The stories help to grow

A good story, in addition to being funny, helps to discover the ambivalence of feelings, recognize attitudes and useful resources to face a problem.

Telling stories is an activity that dates back to the dawn of humanity. From the ancient myths and legends of each culture transmitted orally from generation to generation, to modern tales and in the most contemporary formats, many centuries have passed and, nevertheless, it is one of the few traditions that has been fully maintained. vigor.

Obviously, the stories have evolved but they have always had a point in common. That point is to let flow through each of the narratives a moral, an explanation or an underlying form of message that raises and responds to the questions of each generation.

Children”s stories change depending on the society and the concerns of the moment in which they are created, but that does not prevent that currently some stories considered classic coexist with others according to current needs, such as explaining to children the birth of a little brother, the death of a relative or the importance of respecting nature.


Beyond the content of each of these stories, the fact of telling a story also has a kind of magic since it allows the child, induced by the voice of the adult, to immerse himself in an imaginary world, to identify with the protagonists of the story and feel the same feelings and sensations as those characters.

In turn, this possibility of moving with fantasy stimulates children”s creativity and the desire to learn new stories, which opens the possibility that they begin to appreciate the value of reading and later seek it for themselves.

Children often ask questions about what they hear and through these questions it is possible to discover their inner world, their fantasies and their fears. They do not usually talk about all these issues directly, but due to the influence of the story they can emerge spontaneously. The stories, therefore, in addition to providing entertainment, constitute a source of benefits for the psychological and emotional development of children, among which the following stand out:

  • While listening to a story, the child improves his capacity for attention, concentration and reflection, since lulled by the voice of the parents he learns to follow the story while ignoring any other stimulus.
  • The stories promote the richness of vocabulary and expression in general, as well as their ability to memorize.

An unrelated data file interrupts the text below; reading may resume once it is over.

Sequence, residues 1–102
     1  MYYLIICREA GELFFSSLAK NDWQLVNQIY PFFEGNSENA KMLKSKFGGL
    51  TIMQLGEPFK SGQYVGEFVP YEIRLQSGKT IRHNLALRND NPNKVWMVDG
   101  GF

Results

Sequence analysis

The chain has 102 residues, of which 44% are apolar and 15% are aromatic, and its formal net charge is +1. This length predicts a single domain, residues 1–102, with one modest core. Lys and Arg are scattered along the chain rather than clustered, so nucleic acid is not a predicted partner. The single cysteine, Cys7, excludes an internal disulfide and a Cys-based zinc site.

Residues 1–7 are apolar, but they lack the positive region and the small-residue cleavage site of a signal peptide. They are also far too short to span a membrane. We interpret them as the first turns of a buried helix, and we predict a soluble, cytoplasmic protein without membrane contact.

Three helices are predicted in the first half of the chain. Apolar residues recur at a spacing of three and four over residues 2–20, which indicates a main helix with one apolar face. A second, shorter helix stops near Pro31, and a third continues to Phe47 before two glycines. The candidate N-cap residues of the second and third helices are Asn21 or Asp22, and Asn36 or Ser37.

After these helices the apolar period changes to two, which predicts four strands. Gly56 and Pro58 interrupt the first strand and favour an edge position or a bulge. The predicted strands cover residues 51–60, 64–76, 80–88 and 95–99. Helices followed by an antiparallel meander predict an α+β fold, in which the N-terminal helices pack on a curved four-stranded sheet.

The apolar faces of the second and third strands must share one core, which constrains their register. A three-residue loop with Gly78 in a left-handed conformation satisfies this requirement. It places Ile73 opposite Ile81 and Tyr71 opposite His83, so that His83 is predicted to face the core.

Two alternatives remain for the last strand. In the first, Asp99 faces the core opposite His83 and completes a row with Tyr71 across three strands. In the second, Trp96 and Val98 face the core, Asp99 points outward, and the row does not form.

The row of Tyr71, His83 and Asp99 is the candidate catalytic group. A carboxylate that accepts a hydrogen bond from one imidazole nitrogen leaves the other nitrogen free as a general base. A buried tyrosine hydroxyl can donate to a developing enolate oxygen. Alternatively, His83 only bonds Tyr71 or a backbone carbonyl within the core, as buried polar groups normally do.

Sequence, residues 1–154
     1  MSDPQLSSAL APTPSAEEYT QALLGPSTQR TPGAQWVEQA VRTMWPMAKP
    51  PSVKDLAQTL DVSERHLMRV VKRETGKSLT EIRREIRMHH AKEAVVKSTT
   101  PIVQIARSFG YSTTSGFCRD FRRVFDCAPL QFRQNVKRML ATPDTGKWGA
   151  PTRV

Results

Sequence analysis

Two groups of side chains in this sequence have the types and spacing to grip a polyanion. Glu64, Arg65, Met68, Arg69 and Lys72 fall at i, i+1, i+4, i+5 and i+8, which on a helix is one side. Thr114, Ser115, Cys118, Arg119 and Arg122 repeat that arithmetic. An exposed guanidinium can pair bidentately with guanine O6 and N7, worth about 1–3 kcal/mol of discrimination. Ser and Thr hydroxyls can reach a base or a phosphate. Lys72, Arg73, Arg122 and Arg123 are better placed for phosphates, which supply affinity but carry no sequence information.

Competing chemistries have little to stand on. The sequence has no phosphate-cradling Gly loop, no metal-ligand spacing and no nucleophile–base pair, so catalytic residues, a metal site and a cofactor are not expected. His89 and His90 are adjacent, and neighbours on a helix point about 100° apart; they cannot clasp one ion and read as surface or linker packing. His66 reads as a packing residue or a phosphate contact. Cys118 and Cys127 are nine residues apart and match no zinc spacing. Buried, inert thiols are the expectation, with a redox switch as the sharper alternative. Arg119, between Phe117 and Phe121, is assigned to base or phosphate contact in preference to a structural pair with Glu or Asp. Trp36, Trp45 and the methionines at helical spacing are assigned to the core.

• Increases their capacity for understanding and imagination, which results in their intellectual development.
  • They enhance the parent-child relationship, as they improve communication, affection and trust within the family. The moment of hearing a story is special for the child, since he feels important to his parents, so much so that they postpone their occupations and dedicate part of their time to them.
  • They teach the richness of feelings. Through the characters they will know goodness and evil, love and hate, tenderness, appreciation, justice, boredom and fun, They will also appreciate the nuances and ambivalence of all these feelings, how easy which is to move from one to another.
  • By identifying with what happens to the protagonists and seeing how they solve the problems that appear to them, the child discovers that they have fears similar to his own and they manage to find resources to overcome them. That is why it is possible to hear them say “That also happens to me” while listening to a story.



Currently there is a wide variety of children”s stories, which allows you to choose the ideal story for each occasion or need. This classification can help you choose:

  • Traditional tales. They tend to be tales of wonderful adventures set in vague places (in a very distant country) and at indeterminate times (once upon a time).
  • Fables. They are storying whose protagonists are usually always animals that behave and have human characteristics, and whose function is to transmit a teaching or moral.
  • Fantastic tales. They are stories located in a real and everyday setting in which the imaginary or inexplicable is introduced at some point to impress the reader (werewolves, vampires, apparitions, changes of time and space). The inexplicable and paranormal nature of the story, which usually carries a certain degree of tension and some fear, makes them advisable for older children.
  • Didactic or educational stories. They serve as support in certain circumstances of the life of a child, such as the death of a loved one, the separation of parents, an illness, A second aspect of this type of stories is the one that serves to transmit values ​​such as friendship, respect for nature or cultural diversity, etc.
  • Youth novels. They approach the adult genre but with themes appropriate to the adolescent problem.


From the outset we can say that a story does not know ages, and that is precisely one of its great things: a good story can be attractive even to an adult.

However, it is true that currently the large number of stories and the variety of formats in which they are published allow the appropriate choice, both for its structure and its content, a story for each age.

In any case, this choice must also take into account the interests of the child, their capacity for understanding and their psychological development, since in the end what matters is that the child feels attracted by the story and can enjoy it with little clarification.

  • Up to three years of age, and taking into account the overall evolution of the child, it can be said that the voice of the parents, their rhythm, their gestures and their interpretation are more important than the story itself. At these ages they can sing an improvised song or comment on the different drawings and colors that parade before their eyes, but the important thing is that parents become actors for their children.